This essay contains spoilers from the Netflix original film, Tallulah.
Nothing excites me quite like the promise of a good film that takes on the complexities of motherhood, and the trailers for Netflix’s original film Tallulah promised all this and more. Ellen Page and Allison Janney co-star as two strangers, suffering from separate, devastating familial blows, who end up in a strange relationship—and taking care of a baby together, no less. Orange is the New Black writer Sian Heder wrote and directed the movie (her debut feature), and I had high hopes—and was especially excited to see the great Uzo Aduba in a whole new light.
But aspects of the film began to fall apart from the very beginning, as it relied on an outrageous plot move that would have been far more believable with some more effort in the development of Page’s titular Tallulah.
Now, I’m not opposed to the notion of a stolen baby as a great plot device. It’s worked for plenty of good films, from Raising Arizona to Baby’s Day Out. But it’s so important that, perhaps above all else, we first believe that the protagonists would steal an actual baby, and Tallulah never gives us enough reason to believe this about the main character. Tallulah is presented as an odd, quirky but fairly independent young person. The most important thing about her, the opening scenes seem to suggest, is her resistance to stability and sameness. It’s an interesting premise—a young woman seemingly content with her vagabond lifestyle, while her boyfriend (Evan Jonigkeit as Nico) is growing tired of their adventures as traveling, homeless folks, living out of a van (he’s tired, partly because his parents are well-to-do New Yorkers and he has a lovely home to return to). When he suggests they go back to New York and try to have normal lives, complete with jobs, an apartment and maybe even one of those kid thingys, Tallulah is completely disinterested. She suggests they find a way to get to India, where she’s convinced they’ll be happily poor.
After being deserted by Nico, it’s clear that Tallulah wants to be free—but doesn’t necessarily want to be alone. It makes sense that she heads to the home of his mother (Janney’s Margo), looking for help and money. But when she steals a baby a few scenes later, then shows up at Margo’s house insisting that the baby is Nico’s, it’s a little… unbelievable. The plot relies on us believing that she’s irresponsible and damaged enough to steal a baby, but also compassionate enough to kind of, sort of want to take that baby for herself. Tammy Blanchard plays Carolyn, the “bad mom” who leaves Tallulah, a complete stranger who she assumes works for the hotel, in charge of baby Madison. Tallulah’s act is supposed to play like a very questionable salvation for Madison. Her biological mother is clearly unfit, but we don’t even know enough about Tallulah to understand why she runs out of a hotel room with a baby. It’s not unbelievable that a movie character would do this—it’s just unbelievable that her character would do this. Tallulah is at least interesting in the opening scenes, because she doesn’t want to be tied down; now all of a sudden she’s got baby fever? And if not that, she cares so much about this strange baby that she’s moved to rescue/kidnap it?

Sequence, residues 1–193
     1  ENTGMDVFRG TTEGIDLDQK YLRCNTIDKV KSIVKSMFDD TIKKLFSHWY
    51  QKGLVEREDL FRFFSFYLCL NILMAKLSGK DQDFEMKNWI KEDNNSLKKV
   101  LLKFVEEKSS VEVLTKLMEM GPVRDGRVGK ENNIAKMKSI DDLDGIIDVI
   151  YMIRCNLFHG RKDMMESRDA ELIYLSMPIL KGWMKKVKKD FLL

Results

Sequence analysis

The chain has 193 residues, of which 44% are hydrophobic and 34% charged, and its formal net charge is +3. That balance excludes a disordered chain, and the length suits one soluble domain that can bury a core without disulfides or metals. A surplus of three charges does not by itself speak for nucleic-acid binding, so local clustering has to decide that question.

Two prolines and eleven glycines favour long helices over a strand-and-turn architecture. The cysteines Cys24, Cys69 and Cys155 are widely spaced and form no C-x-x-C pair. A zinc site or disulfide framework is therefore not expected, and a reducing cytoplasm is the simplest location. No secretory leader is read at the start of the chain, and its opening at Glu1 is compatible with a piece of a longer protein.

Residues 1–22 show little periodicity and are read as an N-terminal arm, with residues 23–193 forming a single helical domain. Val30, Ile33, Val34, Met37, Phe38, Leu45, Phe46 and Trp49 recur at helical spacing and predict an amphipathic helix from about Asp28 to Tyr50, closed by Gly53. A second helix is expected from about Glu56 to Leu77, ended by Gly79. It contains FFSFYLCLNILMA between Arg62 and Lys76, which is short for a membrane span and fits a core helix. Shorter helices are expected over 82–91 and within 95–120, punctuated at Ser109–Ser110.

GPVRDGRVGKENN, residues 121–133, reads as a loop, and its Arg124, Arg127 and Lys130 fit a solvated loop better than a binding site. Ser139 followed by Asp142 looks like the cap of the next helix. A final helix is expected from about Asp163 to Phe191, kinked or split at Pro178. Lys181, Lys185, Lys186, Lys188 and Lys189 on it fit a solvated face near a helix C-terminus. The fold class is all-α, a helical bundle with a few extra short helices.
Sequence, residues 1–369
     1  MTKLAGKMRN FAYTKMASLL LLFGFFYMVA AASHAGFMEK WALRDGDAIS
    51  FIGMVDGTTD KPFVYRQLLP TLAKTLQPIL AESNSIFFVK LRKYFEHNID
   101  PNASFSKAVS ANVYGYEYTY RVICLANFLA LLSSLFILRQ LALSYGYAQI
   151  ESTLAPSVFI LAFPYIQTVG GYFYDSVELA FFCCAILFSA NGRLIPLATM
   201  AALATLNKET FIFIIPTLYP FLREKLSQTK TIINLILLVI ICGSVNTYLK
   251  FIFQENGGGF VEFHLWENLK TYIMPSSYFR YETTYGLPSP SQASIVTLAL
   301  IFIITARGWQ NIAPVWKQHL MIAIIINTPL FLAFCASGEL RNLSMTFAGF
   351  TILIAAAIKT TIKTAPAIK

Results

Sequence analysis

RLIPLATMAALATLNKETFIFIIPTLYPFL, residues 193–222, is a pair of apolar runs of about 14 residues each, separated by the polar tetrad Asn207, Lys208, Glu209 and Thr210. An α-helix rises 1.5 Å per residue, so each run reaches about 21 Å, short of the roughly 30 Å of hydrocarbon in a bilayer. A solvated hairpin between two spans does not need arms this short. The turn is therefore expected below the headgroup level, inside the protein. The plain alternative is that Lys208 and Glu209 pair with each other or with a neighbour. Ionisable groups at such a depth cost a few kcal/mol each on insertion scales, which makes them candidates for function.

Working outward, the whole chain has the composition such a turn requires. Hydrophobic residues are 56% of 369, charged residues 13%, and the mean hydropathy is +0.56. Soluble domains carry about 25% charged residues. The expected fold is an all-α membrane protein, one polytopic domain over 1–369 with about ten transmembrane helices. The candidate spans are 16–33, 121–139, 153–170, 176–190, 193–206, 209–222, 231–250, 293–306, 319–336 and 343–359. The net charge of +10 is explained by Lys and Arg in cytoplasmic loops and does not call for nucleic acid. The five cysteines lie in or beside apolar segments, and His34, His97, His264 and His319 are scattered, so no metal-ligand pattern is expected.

In spite of some great performances, this disbelief hangs over the rest of the movie, no matter how hard one might try to suspend it. And it’s reinforced by other characters, like Carolyn.
Carolyn is a woman who we meet when she literally hands her child over to Tallulah, a complete stranger. We don’t see her struggling with motherhood beforehand, and she is presented with no redeeming qualities whatsoever. She’s the drunken, drugged, Real Housewives of Beverly Hills-looking trainwreck to end all trainwrecks. Similar to Tallulah, it’s her initial presentation that destroys all film’s attempts at nuance later. Over and over she repeats that she doesn’t want the child, that having it was a mistake. As a mother who’s had similar thoughts at 3AM whilst breastfeeding, or at 2PM, whilst trying to complete an essay that a 2-year-old couldn’t care less about, such thoughts do not shock me. But Carolyn is not presented as a decent person who had no idea what having a kid meant—she’s only presented as a disgustingly privileged woman who’s furious at being inconvenienced by the presence of this being who cost her her youth and beauty.
When Carolyn realizes Madison has been taken, it’s not like we suddenly see her wrecked with guilt and fearful of Madison’s well-being. Instead, she wakes up from her drunken stupor and realizes that her husband, whom she’s there, in the first place, to cheat on, is going to now cut her off financially, and also probably yell at her for losing their daughter. Tallulah puts in so much work demonizing Carolyn, that it fails to convince us that she’s actually just another flawed human in the end, when she finally confronts Tallulah and begs to have her daughter back.